As summer winds down, this may be the time to take that final family road trip before school starts, and what better way to do it than in an environmentally-friendly electric vehicle (EV)?
Except, perhaps, if you’re Dalbir Bala of La Salle, Manitoba. Bala abandoned his Ford Lightning electric truck midway through his family road trip after the vehicle failed to charge at two separate charging stations in Minnesota. He was forced to rent a gas-powered vehicle to complete their drive to Chicago.
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He purchased the truck earlier this year for CA$115,000 (about $85,000); it had a full battery when he and his family left their home near Winnipeg. Bala had already mapped out a series of faster level 3 charging stations along his route. The first stop went smoothly, but when he attempted to plug his truck in at his second stop, he got a faulty connection message.
He called the number listed on the charger for help, but no one answered. He still had a bit of charge left in his battery so he headed over to a nearby station, only to find it didn't work either.
Down to 15 kilometers (9.3 miles) left in his truck's battery and no other fast chargers within range, Bala chose to abandon his new truck and rent a Toyota 4Runner to finish his trip.
"It was really a nightmare," Bala told CBC News, adding that he wants no more distraction or frustration on his future roadtrips.
Bala isn't alone in his ire. A recent survey by J.D. Power of U.S. EV owners' experiences charging their vehicles at public stations found that customer satisfaction at both level 3 and the slower level 2 charges is on the decline. In fact, level 2 satisfaction reached its lowest point this year since the study began in 2021.
Yet EVs continue, if you will, to be on a roll. Electric vehicle sales reached an all-time record in the second quarter of 2023 with nearly 300,000 sold in the U.S. alone, according to Cox Automotive. The International Energy Agency expects to see a whopping 14 million EVs sold around the world by the end of 2023.
Which way to drive, then? Here are three reasons EVs aren’t likely to overtake gas-powered cars just yet.
Relying on charging stations isn’t ideal
The U.S. has an average of 104 gas pumps per 1,000 road miles compared to only 22 EV charging stations. This can make topping your battery on a long trip much harder than filling a gas tank.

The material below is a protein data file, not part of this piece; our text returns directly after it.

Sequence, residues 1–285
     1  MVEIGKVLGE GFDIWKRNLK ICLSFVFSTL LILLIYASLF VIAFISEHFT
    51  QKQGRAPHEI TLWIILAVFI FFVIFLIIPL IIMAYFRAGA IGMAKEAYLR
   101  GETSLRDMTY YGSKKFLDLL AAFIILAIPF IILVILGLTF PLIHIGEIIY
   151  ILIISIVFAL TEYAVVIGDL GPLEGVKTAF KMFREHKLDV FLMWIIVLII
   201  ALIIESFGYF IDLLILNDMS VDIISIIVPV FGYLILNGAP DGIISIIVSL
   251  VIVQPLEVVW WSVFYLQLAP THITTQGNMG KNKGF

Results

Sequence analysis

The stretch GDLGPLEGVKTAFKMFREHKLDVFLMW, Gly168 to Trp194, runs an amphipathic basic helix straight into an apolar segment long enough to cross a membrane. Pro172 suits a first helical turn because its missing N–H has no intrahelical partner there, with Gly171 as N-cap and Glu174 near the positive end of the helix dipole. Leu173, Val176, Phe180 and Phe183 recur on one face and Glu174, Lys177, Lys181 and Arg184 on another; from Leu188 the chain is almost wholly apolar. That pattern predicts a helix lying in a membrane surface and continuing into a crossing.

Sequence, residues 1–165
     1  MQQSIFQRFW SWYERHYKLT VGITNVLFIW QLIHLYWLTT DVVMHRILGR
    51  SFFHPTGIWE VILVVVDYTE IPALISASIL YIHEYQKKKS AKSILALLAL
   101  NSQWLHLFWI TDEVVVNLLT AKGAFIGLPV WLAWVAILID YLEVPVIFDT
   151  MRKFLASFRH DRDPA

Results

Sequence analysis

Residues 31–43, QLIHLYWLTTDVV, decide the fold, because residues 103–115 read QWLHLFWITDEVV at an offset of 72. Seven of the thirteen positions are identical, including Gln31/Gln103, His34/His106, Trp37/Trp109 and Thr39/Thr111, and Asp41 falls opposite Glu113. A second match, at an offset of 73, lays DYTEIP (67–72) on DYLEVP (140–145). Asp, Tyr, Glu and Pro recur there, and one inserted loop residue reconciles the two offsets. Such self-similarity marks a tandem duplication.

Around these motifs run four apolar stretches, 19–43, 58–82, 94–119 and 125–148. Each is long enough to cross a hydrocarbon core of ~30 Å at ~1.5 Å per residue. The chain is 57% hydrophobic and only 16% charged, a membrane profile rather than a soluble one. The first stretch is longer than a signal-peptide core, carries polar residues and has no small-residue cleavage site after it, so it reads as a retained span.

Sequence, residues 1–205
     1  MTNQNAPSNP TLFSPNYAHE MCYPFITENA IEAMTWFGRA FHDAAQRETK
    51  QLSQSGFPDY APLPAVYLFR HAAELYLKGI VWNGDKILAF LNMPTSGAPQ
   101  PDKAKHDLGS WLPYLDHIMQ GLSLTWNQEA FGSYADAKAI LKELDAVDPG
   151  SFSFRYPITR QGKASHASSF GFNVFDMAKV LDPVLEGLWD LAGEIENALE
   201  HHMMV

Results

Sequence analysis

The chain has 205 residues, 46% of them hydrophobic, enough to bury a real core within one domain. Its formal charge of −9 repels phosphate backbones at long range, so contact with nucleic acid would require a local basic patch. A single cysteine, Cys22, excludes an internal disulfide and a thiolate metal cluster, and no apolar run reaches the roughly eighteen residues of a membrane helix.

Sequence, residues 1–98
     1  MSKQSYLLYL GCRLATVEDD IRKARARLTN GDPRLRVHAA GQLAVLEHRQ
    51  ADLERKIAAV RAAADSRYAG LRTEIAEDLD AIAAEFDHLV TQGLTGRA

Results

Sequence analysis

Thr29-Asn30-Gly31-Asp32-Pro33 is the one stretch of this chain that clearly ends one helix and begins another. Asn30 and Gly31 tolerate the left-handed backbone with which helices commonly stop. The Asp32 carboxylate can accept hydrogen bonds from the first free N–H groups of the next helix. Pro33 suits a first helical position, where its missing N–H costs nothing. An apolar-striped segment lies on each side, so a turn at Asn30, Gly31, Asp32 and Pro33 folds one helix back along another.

Bala's experience also highlights the importance of regular maintenance and support at EV charging stations. Unlike gas stations, they’re often unmanned, which in the event of a malfunction forces frustrated customers to call the company running them for help — and they don't always answer, as Bala will tell you.
Read more: Here's how much money the average middle-class American household makes — how do you stack up?
They’re not as green as you’d hope
A key selling point for EVs is that they reduce emissions over their lifetime. But creating electricity still generates emissions. In areas heavily dependent on conventional electricity generation, this benefit over gas-powered or hybrid vehicles may not be as great as you'd hope.
For instance, in Wyoming, EV-related emissions coming from the production of electricity run at close to 90% of hybrid emissions.
On top of that, their batteries don't last forever. The National Renewable Energy Laboratory estimates that today's EV batteries may last only up to 15 years in moderate climates and 12 years in extreme climates.
Lower towing range
If you like to use your vehicle for towing, EVs may not be for you. While models such as the Ford F-150 Lightning and Rivian R1T are capable of towing, doing so will reduce the vehicle's range. Car and Driver found that towing a 6100-pound camper cut the range on both of these vehicles by nearly two-thirds.
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